Franked Dividend: Top 3 FAQs
The phrase, franked dividend’ is kind of like a buzz phrase now. Many people, both inside and outside the finance niche, are using It. You probably have a little idea about it, but you’ve still got a few questions. That’s why we are here with the top three frequently asked questions on this topic. This phrase might be vague on its own.
However, we will explain it with other words and phrases that relate to it. From franking credits to partial franking and even postage stamps, all here in this page-turning article. Let’s hop right into the top three FAQs below:
What Is A Franked Dividend?
It’s very common knowledge that a payout is a shareholder part of the company’s profit that is usually distributed twice a year. But what is a franked dividend? Let’s first explain the concept of franking and franking credits.
Historically, franking was used in the golden era of letters and postage stamps. When a letter was “franked,” it meant the postage was already paid for. A special stamp usually marked this to show that the receiver didn’t have to pay anymore.
Now relating this to taxation, most companies already pay a tax on their profits. Part of which they turn over to shareholders as payouts. Now, they are awarded franking credits to avoid these shareholders paying tax again for their payouts. Shareholders can then use these credits to pay other taxes.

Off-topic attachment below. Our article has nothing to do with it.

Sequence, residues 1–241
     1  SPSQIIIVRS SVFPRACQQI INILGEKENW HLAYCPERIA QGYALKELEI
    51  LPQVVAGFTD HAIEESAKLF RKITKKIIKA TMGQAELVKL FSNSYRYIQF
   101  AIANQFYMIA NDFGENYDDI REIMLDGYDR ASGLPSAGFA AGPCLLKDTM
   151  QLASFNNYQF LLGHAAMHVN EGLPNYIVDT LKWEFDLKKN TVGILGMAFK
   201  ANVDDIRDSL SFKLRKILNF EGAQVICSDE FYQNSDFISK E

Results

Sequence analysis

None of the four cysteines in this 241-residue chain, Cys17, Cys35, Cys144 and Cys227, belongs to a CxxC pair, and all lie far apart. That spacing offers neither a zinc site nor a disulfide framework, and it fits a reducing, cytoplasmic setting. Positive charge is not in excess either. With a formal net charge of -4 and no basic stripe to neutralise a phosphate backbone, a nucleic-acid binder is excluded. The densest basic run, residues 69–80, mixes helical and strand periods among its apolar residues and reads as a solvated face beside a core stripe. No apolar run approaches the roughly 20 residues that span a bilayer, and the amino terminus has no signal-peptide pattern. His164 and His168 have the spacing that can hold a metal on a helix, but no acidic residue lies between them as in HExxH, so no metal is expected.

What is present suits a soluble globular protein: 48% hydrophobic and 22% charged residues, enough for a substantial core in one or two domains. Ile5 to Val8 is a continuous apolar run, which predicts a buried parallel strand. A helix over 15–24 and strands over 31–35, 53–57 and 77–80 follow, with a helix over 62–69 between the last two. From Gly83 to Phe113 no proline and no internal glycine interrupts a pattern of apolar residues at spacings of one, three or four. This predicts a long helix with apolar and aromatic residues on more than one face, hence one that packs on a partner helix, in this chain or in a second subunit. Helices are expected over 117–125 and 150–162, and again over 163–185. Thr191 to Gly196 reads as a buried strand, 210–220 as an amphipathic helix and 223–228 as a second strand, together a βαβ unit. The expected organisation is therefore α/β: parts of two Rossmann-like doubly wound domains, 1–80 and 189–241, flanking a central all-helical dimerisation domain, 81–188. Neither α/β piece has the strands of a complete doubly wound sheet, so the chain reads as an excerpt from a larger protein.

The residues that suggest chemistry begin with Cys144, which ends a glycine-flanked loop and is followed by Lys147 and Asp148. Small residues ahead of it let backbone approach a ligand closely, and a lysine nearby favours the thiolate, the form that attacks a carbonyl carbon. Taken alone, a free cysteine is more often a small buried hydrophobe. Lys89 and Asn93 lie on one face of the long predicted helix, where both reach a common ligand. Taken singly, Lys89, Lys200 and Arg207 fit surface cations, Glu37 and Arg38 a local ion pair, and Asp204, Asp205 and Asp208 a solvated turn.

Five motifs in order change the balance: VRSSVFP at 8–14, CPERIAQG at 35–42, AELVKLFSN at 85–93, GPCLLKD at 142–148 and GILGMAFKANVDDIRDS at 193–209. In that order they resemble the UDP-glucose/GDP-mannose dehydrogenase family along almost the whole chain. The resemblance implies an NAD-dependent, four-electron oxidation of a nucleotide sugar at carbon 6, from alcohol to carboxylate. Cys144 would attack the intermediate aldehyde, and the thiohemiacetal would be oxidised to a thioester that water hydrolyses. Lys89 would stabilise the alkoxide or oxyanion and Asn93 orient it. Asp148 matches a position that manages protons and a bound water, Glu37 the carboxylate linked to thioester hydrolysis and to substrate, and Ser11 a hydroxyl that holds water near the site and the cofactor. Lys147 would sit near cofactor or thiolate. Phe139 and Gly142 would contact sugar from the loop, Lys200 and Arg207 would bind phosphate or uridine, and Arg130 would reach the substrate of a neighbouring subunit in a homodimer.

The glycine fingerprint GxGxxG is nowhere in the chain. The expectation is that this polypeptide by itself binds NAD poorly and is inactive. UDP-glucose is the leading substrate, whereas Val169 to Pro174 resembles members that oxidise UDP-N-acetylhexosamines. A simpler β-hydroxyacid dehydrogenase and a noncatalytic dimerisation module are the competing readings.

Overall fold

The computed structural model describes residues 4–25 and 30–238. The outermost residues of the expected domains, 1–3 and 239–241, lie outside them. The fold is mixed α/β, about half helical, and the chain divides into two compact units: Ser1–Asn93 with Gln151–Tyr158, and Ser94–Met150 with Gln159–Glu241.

Now sometimes, companies don’t make enough profits to cover taxation. They, however, still give franking credits, except this time, the franking is not full, more like part paying for those postage stamps. A franked dividend is the opposite, totally covering your taxable profits. In essence, this product equates to a totally taxed proceed.
What Are The Types Of Franked Dividend?
When a company is paying out a franked dividend to a customer, it usually comes in three different ways.
These are paid at the six-month marker of the financial year. The company pays its shareholders based on the profits made at the time. However, they may also choose to pay these proceeds based on forecasted profits, as the case may be.
These proceeds are paid at the end of the financial year; they present the rest of the year’s profit paid.
However, some companies only pay final, skipping interim and distributing proceeds all at once.
Special dividends are proceeds paid to shareholders when a company surpasses its forecasted profit margin. They don’t happen very often, and even when they do, they don’t amount to so much money.
Will I Pay Tax For A Franked Dividend?
The short answer is No. The long answer? A franked dividend has already been “fully” paid for. This means the company has already sorted out the tax you should have paid on the proceed. Technically you already paid tax on it. The company has to cut out part of its profits to pay taxes. Wouldn’t it be very unfair if you were asked to pay again? However, note that partially franked dividends have to be “partially” paid for, as the name implies.
Now you should be able to answer these popular FAQs when called upon. We made this article to broaden your knowledge of a franked dividend. We hope we did just that. Thank you.